Is a Free-Range Pig a Good Pig?

by Bill Chameides | April 23rd, 2009
posted by Erica Rowell (Editor)

Permalink | 2 comments

A free-range pig is happier than a confined pig. Perhaps. But is a free-range pig safe to eat? A recent op-ed in the New York Times by James E. McWilliams (“Free-Range Trichinosis,” April 9, 2009) argues “no.”  Let’s take a closer look.

McWilliams, a history professor at Texas State University, cautions against the trend toward raising poultry “naturally,” writing that a study published in Foodborne Pathogens and Disease “brings us closer to a more concrete idea of why the free-range option can pose a heightened health threat to consumers.” Rather than “setting the animal world partly free,” McWilliams suggests that “we might have to take greater control of it.” And concludes that “if clean and humane methods of production cannot be developed, there’s only one ethical choice left for the conscientious consumer: a pork-free diet.”

The McWilliams op-ed set off a mini-firestorm in the blogosphere (see here, here, here, and here) with many free-range advocates crying foul (sorry could not resist). And much has been made of the fact that the study McWilliams used for the data cited in his op-ed was funded by the pork industry. Except for the New York Times’ failure to disclose this on the publication date, for me the fact that the pork industry funded the study is moot. I have no reason to believe that the study’s scientists fudged their results, and suggesting they did without specific evidence is irresponsible. Moreover, McWilliams concludes his op-ed with the notion that we might ultimately have to opt for a “pork-free diet.” Not exactly a message the folks from the pork industry want to promote.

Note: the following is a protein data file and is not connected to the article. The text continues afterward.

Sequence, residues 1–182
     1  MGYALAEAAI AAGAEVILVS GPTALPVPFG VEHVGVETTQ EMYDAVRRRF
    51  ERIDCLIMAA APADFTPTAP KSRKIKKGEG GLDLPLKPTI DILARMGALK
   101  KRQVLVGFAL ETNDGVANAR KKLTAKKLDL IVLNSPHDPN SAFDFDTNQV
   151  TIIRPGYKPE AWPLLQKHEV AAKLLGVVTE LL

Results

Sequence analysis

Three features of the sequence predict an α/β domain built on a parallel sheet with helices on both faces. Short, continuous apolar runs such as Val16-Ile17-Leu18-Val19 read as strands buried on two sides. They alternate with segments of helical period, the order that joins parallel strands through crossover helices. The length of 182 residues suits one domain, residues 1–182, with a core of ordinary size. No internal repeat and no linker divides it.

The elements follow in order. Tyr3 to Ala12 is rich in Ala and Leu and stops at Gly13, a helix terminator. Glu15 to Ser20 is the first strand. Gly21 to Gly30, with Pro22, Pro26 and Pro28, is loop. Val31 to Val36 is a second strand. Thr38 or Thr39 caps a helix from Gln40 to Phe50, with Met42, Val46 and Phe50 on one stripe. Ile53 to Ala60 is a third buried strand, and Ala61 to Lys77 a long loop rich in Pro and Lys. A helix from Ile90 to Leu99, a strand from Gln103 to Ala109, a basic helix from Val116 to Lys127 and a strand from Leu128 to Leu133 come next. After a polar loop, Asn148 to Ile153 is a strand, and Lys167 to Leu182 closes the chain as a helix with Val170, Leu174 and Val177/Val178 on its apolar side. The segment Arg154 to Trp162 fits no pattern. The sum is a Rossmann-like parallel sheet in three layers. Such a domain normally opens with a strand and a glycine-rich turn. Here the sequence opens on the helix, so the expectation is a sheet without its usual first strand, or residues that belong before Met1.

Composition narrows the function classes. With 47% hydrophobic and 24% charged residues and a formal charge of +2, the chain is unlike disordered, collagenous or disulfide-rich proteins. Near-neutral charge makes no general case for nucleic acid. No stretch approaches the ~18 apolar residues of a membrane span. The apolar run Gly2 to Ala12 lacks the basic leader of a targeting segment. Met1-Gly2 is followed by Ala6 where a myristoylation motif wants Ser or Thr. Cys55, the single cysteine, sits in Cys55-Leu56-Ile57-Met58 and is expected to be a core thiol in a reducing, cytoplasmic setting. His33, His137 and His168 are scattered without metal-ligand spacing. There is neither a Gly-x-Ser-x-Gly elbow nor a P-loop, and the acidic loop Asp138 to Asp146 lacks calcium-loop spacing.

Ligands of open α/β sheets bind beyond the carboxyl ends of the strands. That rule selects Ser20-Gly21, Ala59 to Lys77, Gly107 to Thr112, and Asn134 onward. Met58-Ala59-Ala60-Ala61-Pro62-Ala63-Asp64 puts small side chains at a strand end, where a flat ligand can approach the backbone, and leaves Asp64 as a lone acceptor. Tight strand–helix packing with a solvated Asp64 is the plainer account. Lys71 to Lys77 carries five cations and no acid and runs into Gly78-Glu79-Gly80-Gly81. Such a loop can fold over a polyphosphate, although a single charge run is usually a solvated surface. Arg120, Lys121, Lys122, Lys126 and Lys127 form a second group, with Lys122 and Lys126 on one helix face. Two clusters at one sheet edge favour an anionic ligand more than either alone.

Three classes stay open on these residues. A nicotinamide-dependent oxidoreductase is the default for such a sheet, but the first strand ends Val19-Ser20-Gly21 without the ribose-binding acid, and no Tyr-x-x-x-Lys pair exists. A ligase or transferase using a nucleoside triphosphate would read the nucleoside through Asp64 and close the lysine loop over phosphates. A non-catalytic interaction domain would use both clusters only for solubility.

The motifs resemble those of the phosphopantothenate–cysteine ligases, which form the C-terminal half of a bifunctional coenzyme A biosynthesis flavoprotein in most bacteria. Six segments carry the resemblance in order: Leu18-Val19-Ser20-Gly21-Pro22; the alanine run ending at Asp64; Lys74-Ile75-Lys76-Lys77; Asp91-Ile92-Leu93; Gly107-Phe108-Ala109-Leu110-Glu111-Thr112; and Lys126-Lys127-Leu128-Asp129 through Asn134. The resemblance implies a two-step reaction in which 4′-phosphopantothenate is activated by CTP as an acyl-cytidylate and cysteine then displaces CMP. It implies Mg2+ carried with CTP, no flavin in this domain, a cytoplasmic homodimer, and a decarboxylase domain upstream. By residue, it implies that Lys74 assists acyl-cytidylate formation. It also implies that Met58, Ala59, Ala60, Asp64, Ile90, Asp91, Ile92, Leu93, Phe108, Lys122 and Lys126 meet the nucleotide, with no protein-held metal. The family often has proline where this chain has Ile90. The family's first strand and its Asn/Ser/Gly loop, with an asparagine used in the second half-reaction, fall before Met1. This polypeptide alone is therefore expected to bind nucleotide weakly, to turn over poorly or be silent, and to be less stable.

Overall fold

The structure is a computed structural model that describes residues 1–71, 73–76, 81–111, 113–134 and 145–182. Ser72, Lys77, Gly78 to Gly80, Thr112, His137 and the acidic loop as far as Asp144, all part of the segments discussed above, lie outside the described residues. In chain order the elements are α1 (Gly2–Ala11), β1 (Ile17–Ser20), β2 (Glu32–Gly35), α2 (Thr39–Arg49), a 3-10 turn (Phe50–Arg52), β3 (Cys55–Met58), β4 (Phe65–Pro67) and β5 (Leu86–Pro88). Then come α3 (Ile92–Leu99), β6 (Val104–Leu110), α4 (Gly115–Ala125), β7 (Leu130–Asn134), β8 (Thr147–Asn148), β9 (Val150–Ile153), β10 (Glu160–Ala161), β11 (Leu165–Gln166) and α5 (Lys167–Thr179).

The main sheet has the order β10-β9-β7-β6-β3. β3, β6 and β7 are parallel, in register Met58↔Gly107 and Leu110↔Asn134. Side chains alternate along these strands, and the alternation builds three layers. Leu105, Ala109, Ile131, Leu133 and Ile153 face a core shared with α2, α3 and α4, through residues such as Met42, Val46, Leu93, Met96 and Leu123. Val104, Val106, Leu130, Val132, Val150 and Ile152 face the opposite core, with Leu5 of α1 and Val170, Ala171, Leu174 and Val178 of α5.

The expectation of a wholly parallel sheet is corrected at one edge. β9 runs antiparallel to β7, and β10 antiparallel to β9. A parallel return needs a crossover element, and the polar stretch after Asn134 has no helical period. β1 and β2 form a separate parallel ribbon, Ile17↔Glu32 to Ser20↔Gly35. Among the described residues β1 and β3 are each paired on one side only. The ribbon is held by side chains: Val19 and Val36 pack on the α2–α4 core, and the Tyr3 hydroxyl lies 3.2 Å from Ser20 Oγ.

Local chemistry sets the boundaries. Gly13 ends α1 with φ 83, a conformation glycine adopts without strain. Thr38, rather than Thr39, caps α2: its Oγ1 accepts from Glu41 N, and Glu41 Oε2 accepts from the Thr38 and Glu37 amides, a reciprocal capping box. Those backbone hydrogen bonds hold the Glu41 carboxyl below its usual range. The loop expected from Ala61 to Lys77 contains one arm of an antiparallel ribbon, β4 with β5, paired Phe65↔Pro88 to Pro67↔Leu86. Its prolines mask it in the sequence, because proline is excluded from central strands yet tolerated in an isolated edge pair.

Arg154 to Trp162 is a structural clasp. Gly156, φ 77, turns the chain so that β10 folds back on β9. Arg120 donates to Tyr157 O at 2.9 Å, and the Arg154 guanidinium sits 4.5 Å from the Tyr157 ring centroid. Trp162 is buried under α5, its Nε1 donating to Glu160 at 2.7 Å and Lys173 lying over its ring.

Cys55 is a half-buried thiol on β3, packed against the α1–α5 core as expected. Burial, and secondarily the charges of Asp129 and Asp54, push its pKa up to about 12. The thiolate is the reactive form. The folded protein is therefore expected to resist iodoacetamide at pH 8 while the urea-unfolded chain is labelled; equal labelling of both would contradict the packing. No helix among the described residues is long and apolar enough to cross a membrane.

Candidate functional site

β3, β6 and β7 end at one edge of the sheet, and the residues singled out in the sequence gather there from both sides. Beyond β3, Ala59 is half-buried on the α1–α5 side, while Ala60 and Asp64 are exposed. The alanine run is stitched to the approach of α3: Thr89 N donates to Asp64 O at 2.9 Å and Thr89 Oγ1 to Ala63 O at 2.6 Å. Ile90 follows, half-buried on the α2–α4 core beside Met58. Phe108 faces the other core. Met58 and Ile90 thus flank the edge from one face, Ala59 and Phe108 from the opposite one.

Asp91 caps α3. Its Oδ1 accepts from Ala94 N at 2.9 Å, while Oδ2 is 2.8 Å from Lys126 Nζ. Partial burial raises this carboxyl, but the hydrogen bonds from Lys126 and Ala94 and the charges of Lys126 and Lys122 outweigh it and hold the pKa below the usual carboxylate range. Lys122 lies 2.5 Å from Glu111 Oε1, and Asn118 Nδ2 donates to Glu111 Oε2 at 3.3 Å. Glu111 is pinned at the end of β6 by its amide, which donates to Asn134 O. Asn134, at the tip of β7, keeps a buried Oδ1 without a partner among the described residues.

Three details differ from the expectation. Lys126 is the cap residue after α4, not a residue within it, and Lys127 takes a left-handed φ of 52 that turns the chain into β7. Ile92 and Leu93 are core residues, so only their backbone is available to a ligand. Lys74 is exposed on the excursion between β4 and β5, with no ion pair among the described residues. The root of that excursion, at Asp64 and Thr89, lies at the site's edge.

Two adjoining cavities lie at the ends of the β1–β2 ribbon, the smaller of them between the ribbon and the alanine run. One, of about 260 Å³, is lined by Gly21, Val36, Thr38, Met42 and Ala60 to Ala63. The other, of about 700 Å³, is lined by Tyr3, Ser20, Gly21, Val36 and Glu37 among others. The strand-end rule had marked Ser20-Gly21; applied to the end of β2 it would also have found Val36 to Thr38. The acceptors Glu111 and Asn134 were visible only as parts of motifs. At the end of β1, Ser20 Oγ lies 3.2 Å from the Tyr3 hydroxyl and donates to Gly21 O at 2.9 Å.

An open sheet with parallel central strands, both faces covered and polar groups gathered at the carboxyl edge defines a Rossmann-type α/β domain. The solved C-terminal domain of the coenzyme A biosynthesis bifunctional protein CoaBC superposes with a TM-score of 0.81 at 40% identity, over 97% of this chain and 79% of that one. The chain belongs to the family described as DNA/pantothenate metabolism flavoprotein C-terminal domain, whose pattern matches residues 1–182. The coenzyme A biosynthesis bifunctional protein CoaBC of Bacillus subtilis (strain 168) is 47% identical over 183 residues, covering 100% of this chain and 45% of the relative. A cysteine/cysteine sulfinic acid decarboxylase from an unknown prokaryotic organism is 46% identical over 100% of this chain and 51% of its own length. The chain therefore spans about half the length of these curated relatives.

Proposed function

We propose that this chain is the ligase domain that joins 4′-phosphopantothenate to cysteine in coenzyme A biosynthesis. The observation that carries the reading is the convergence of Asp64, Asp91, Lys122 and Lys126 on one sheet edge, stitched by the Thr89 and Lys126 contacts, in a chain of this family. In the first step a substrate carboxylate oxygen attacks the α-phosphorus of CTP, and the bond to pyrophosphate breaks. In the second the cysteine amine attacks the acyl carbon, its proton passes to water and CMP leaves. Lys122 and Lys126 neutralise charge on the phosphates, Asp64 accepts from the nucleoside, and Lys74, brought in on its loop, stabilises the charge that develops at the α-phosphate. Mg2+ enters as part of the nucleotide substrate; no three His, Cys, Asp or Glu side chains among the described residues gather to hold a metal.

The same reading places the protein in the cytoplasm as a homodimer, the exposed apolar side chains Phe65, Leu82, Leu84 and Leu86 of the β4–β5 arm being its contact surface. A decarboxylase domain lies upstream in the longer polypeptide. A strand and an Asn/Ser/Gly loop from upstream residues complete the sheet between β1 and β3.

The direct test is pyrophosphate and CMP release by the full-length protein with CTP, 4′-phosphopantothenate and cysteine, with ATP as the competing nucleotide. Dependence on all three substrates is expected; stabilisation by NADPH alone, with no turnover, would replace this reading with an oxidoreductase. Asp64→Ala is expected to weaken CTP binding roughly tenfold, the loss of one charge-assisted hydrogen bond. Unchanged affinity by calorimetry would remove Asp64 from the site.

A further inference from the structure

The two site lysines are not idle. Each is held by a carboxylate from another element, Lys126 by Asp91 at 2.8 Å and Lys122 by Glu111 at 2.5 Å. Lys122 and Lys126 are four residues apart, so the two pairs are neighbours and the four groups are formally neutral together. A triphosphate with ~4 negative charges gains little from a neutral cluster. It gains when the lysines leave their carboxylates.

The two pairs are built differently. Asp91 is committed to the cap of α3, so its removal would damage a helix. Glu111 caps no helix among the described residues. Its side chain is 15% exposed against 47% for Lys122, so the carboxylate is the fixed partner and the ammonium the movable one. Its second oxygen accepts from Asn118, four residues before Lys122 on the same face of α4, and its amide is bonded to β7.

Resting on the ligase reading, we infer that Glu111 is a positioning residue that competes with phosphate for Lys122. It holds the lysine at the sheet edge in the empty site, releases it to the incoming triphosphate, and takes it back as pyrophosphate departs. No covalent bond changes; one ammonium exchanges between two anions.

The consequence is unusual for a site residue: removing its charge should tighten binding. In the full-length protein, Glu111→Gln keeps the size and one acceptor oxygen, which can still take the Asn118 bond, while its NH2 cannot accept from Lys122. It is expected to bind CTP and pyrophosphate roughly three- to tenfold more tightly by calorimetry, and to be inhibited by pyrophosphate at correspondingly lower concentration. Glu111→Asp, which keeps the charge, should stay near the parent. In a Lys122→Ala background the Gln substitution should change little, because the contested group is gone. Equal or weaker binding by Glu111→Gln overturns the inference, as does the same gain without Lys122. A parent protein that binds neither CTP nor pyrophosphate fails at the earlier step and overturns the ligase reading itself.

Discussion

But after all the hype dies down and the dust settles, we still need to know what it is we are eating. So what did the paper in Foodborne Pathogens and Disease actually say?

The Science

The paper [pdf], Seroprevalence of Trichinella, Toxoplasma, and Salmonella in Antimicrobial-Free and Conventional Swine Production Systems, was written by Wondwossen Gebreyes of the College of Veterinary Medicine at Ohio State University and colleagues.